Kaufmann’s added to Miniature Railroad exhibit at Carnegie Science Center | TribLIVE.com
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Kaufmann’s added to Miniature Railroad exhibit at Carnegie Science Center

Madasyn Lee
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Kaufmann’s “Grand Depot” in Downtown Pittsburgh. A replica of the department store is being added to the Miniature Railroad & Village exhibit at the Carnegie Science Center in honor of the exhibit’s 100th birthday Kaufmann’s “Grand Depot” in Downtown Pittsburgh. A replica of the department store is being added to the Miniature Railroad & Village exhibit at the Carnegie Science Center in honor of the exhibit’s 100th birthday

The Miniature Railroad & Village exhibit at the Carnegie Science Center turns 100 this year. To celebrate, the museum is adding a model of Kaufmann’s, the department store at the center of Downtown Pittsburgh for decades.

“We thought that in terms of iconic symbols of Pittsburgh that really are memorable to people in the region, Kaufmann’s is right up there,” said Patty Everly, historic exhibits curator.

The store was founded by the Kaufmann brothers in 1871, starting as a simple men’s clothing shop in the South Side. It moved Downtown in 1877, and grew to be the mammoth department store many Pittsburghers affectionately remember.

The 17-by-28 inch, four-story replica is of the first version of the Downtown store, known as the “Grand Depot.” It opened in 1885.

It features the original Kaufmann’s clock, 15 window displays, a crystal chandelier, a statue of the “Goddess of Liberty” atop its corner tower, and detailed window and masonry work.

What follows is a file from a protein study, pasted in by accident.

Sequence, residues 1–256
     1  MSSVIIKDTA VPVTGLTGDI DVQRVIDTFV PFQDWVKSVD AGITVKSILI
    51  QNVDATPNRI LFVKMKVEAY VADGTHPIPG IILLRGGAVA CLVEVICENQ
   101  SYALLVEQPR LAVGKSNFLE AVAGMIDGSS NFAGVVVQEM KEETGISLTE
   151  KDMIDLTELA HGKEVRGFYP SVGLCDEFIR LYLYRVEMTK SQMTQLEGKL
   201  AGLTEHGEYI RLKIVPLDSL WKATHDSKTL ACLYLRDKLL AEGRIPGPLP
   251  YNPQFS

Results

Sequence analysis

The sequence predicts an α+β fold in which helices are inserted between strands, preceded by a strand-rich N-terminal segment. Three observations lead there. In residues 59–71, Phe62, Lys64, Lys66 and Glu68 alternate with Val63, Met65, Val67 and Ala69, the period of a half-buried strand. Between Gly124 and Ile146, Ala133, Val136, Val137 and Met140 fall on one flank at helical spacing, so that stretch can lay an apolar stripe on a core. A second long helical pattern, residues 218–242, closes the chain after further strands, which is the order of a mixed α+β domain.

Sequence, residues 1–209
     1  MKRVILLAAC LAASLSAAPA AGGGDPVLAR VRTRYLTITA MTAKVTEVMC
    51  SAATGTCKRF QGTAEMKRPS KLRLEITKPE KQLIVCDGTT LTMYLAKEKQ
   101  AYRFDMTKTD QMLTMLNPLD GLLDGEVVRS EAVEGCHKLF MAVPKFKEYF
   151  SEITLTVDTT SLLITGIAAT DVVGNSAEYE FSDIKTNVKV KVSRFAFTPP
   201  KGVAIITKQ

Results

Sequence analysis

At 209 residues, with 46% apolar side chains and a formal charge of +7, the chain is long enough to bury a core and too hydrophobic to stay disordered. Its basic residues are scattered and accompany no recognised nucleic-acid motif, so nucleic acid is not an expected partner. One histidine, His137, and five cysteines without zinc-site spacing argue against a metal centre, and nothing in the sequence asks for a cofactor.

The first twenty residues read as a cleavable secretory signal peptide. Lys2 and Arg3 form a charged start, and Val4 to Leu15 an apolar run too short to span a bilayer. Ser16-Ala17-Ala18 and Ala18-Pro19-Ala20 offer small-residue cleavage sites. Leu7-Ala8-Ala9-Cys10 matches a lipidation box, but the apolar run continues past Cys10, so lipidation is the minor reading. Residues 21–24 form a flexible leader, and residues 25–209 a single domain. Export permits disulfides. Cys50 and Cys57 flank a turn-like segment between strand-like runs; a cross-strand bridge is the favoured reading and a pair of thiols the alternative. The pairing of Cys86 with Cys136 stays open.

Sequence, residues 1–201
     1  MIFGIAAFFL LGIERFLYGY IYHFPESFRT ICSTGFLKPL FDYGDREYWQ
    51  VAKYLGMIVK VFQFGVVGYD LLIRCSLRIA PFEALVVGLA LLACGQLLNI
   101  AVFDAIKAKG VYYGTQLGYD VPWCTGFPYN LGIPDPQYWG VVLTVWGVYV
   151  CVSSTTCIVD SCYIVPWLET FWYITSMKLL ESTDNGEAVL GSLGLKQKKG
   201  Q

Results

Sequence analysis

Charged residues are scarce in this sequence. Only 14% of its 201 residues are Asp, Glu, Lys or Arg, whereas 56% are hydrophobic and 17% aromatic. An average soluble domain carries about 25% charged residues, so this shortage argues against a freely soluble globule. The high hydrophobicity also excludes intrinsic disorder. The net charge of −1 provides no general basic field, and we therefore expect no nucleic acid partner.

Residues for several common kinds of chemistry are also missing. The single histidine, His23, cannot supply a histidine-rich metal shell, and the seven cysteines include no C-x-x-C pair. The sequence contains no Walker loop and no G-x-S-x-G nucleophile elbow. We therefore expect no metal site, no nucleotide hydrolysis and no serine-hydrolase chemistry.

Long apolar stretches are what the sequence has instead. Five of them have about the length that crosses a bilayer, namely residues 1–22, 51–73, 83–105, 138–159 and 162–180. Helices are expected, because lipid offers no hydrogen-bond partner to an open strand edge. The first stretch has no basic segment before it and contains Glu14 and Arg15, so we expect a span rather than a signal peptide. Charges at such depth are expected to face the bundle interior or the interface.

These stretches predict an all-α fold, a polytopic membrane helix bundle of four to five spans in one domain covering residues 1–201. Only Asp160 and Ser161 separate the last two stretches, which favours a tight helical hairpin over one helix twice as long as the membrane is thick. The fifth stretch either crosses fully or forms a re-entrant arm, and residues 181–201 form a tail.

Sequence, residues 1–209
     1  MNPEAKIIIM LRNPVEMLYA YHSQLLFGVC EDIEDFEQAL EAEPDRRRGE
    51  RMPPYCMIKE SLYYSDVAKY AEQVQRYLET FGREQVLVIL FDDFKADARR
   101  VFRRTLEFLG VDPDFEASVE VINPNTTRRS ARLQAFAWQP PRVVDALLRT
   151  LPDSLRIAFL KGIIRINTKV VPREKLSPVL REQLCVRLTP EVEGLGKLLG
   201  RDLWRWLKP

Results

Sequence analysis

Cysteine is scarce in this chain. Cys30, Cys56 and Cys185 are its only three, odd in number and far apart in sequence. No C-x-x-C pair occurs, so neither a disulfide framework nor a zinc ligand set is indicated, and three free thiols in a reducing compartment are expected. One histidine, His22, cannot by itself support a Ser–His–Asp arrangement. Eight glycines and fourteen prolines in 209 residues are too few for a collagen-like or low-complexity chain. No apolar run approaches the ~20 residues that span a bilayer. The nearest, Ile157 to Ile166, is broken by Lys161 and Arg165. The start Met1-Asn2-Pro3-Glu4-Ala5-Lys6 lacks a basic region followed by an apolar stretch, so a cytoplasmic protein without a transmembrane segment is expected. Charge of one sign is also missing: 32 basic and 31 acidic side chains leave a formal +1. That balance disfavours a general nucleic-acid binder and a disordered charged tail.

“Kaufmann’s has long been on our radar, but the building was quite big and impossible for us to scale down. We couldn’t make the size work. But then, we discovered through our research, that there was the first version of the store on Fifth and Smithfield, the original ‘Grand Depot,’ [that] was a little bit smaller in scale than what is there today,” Everly said.

The Kaufmann brothers provided interpreters in their stores to be able to communicate with immigrants, and were the first to put price tags on their merchandise so everyone would have to pay the same amount, Everly said.

“It’s a wonderful story, that alone, of the Jewish-German immigrants, the Kaufmann brothers, who started the business,” she said.

The train exhibit was created by Charles Bowdish on Dec. 24, 1919, and displayed at his home in Brookville, Jefferson County, to entertain the guests at his brother’s wedding. It moved to Buhl Planetarium and Institute of Popular Science in 1954, and finally to the Carnegie Science Center in 1992.

The overall exhibit features replicas of other historic Western Pennsylvania landmarks such as Primanti Bros. in the Strip District, Forbes Field, Donora’s Cement City and Gobbler’s Knob.

The public will be able to see the Kaufmann’s replica starting Nov. 21. Access to the display is included with general admission to the science center.

“We’re honored to be able to carry on this tradition and contribute to it,” Everly said of the exhibit.

Madasyn Lee is a Tribune-Review staff writer. You can contact Madasyn at [email protected], 724-226-4702 or via Twitter.

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